Africa Sees Rise In Lifestyle Illnesses

By Reina Ilagan

Dec 22, 2016 09:36 AM EST

There is a growing number of Africans suffering from cancer, one of the lifestyle diseases. Along with diabetes and heart problems, cancer has been noted to be increasingly deadly on Africa.

According to a survey released by the World Health Organization, most Africans had at least one risk factor for developing one of the those diseases. Smoking, lack of exercise, poor diet and obesity are all contributing factors to the development of the deadly illnesses

Being East Africa's biggest city, Nairobi's urban lifestyle shows workers spending long hours in traffic, sitting behind desks all day, visiting shopping malls during weekends, and consuming western junk foods like hamburgers and pizza.

In the 33 countries surveyed by WHO, most adults did not follow the recommended servings of fruits and vegetables per day.

Unlike the case in the west, Africa's tobacco, alcohol and food industries have not yet adapted well to growing health-consciousness.

"They see Africa as a fertile ground because of the legislation and policy weaknesses that exist in our region, they see opportunity to make a lot of profit," said report author Abdikamal Alisalad.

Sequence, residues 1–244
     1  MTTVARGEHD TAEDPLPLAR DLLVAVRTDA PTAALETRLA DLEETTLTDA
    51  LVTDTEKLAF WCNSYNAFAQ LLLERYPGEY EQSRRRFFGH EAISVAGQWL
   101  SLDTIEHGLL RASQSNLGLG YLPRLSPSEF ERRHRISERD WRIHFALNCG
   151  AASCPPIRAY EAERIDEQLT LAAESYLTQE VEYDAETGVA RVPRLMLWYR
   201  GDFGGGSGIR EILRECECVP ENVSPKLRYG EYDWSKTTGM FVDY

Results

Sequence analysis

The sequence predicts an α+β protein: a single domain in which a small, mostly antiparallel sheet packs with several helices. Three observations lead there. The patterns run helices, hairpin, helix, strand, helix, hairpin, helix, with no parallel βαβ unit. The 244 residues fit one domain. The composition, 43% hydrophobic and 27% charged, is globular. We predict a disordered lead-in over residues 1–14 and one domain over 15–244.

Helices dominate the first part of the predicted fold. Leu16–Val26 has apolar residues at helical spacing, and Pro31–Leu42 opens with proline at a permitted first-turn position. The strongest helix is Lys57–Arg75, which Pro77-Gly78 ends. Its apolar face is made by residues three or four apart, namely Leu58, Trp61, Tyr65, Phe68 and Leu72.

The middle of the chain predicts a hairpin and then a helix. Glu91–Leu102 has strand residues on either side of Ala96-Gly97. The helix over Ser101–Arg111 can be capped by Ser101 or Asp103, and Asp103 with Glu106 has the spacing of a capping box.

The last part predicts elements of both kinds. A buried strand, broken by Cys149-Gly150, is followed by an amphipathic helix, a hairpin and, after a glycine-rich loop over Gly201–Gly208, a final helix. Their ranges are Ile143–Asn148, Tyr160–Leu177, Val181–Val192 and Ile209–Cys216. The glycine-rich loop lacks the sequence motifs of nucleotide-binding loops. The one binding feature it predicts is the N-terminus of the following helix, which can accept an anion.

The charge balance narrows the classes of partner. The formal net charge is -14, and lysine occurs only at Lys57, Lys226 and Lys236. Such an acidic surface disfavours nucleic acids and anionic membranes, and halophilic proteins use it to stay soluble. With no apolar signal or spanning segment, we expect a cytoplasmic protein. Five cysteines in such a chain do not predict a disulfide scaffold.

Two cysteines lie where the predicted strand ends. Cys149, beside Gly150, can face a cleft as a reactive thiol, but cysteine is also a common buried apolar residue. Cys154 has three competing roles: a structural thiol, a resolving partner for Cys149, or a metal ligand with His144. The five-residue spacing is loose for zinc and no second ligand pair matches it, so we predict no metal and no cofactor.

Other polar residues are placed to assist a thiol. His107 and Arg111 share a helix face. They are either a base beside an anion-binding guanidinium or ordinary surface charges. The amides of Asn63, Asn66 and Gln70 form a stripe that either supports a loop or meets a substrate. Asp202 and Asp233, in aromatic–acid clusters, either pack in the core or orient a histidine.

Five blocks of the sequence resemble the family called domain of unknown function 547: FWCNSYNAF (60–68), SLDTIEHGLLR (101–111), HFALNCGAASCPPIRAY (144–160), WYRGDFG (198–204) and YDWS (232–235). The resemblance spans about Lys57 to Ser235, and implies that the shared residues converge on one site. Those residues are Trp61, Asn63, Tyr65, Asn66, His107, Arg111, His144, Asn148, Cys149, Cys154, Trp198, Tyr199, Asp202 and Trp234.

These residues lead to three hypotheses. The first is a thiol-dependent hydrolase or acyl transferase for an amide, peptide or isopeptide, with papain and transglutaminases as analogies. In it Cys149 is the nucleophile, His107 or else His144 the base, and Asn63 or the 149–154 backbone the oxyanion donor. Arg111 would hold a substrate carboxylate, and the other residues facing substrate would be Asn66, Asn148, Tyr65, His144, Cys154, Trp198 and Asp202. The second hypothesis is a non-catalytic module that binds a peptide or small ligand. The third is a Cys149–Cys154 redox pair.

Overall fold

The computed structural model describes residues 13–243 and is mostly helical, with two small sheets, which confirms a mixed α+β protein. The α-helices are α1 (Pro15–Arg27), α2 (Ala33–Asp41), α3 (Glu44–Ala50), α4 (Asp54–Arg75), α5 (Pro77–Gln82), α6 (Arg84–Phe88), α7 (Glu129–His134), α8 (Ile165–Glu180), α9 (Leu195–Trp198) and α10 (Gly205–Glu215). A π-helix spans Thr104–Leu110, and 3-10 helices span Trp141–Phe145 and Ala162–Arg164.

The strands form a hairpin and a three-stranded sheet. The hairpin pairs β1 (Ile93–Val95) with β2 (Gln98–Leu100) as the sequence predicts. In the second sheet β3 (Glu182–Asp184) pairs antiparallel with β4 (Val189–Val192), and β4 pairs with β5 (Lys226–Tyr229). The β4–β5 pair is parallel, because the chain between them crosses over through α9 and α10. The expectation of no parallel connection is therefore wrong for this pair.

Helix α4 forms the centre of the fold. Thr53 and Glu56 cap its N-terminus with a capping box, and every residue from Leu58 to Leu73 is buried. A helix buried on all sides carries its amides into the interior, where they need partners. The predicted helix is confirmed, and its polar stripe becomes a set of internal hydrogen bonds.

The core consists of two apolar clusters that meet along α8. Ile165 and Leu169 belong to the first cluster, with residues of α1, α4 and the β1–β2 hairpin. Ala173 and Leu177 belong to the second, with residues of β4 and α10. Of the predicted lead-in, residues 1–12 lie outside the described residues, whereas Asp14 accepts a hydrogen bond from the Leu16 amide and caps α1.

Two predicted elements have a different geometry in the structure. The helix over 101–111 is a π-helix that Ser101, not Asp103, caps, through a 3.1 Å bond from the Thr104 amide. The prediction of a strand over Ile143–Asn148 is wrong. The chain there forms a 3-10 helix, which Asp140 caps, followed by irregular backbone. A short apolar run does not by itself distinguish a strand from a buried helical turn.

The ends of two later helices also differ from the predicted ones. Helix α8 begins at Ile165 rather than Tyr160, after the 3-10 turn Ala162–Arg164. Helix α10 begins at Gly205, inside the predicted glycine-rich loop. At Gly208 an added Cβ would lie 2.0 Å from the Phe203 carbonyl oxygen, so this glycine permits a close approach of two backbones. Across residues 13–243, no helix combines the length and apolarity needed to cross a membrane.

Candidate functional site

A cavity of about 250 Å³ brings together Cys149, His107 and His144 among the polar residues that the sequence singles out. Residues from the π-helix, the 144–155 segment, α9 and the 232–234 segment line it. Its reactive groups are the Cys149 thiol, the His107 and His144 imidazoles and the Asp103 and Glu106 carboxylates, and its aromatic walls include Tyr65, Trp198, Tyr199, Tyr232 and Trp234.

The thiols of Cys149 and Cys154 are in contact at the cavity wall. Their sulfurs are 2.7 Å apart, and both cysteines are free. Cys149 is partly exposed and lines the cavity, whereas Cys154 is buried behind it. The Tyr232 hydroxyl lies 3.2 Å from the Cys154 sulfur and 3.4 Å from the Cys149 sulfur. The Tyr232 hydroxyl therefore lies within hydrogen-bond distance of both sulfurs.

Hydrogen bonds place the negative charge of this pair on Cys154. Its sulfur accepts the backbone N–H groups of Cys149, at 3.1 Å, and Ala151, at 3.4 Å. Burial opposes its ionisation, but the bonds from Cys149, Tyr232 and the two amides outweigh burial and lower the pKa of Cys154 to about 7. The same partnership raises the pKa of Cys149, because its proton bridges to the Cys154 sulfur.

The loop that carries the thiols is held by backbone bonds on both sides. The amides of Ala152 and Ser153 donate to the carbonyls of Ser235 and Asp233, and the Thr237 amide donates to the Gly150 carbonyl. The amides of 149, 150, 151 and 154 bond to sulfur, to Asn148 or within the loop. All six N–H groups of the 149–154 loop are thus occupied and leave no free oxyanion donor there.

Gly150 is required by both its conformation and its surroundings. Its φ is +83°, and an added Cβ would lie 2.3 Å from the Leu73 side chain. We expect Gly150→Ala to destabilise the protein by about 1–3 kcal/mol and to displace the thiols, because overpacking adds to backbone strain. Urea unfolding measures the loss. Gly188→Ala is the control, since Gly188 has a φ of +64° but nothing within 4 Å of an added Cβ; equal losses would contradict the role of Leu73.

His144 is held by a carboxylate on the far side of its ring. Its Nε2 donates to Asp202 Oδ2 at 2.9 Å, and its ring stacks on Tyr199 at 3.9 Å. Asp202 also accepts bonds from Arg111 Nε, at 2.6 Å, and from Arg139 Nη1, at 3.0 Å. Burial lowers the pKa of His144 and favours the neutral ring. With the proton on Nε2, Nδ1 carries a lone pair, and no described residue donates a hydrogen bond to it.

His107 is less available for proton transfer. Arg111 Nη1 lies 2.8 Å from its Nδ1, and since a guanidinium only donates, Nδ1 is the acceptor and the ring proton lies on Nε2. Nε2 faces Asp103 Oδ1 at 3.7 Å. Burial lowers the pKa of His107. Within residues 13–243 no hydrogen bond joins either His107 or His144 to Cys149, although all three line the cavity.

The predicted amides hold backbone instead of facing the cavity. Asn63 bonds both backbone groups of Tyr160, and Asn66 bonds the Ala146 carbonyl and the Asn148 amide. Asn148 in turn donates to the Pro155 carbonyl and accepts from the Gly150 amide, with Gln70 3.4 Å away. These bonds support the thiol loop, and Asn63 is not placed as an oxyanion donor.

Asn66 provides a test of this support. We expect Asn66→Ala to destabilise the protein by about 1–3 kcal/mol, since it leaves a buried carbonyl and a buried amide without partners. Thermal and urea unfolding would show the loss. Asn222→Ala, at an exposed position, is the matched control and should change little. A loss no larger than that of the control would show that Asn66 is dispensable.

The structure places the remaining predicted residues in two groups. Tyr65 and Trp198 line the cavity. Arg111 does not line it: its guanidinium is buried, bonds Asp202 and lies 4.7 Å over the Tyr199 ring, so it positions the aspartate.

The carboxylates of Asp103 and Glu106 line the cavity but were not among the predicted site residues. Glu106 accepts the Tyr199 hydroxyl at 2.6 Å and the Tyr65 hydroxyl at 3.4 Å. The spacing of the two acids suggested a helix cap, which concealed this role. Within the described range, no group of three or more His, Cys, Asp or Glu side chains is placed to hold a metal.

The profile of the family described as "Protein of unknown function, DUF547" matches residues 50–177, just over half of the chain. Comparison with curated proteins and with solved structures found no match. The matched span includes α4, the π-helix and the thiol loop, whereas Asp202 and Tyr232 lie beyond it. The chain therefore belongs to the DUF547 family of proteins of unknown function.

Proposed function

Faraja's patient support manager, Philip Ouma, said that contrary to previous belief that people in the middle-class are the most affected, he noted that findings reveal a lot of people who were affected were poor.

WHO said that by 2020, some four million people will die from noncommunicable diseases in Africa, surpassing those of infectious diseases by 2030.

Africa also has poor public hospitals that are barely capable of handling normal healthcare challenges.

Patients in Kenya's main government hospital often find themselves on a waiting list for up to a year to get access to radiotherapy or chemotherapy.

In a local television report earlier this year, dozens of cancer patients from far-flung areas sleep on the floor of the hospital because they have no place to go in between therapy sessions.

"Meanwhile private hospitals have machines that are lying idly because they are expensive but the majority of people cannot afford them so it is a big problem," said Ouma.

There were also patients from Uganda who have flocked to Kenya after the country's only radiotherapy machine broke down in April. Patients from other places like Ethiopia, Eritrea, Tanzania, Madagascar and the Seychelles have also come to Nairobi for treatment. However, those who cannot afford to avail of the treatments or go to hospitals far from their place chose to just stay home.

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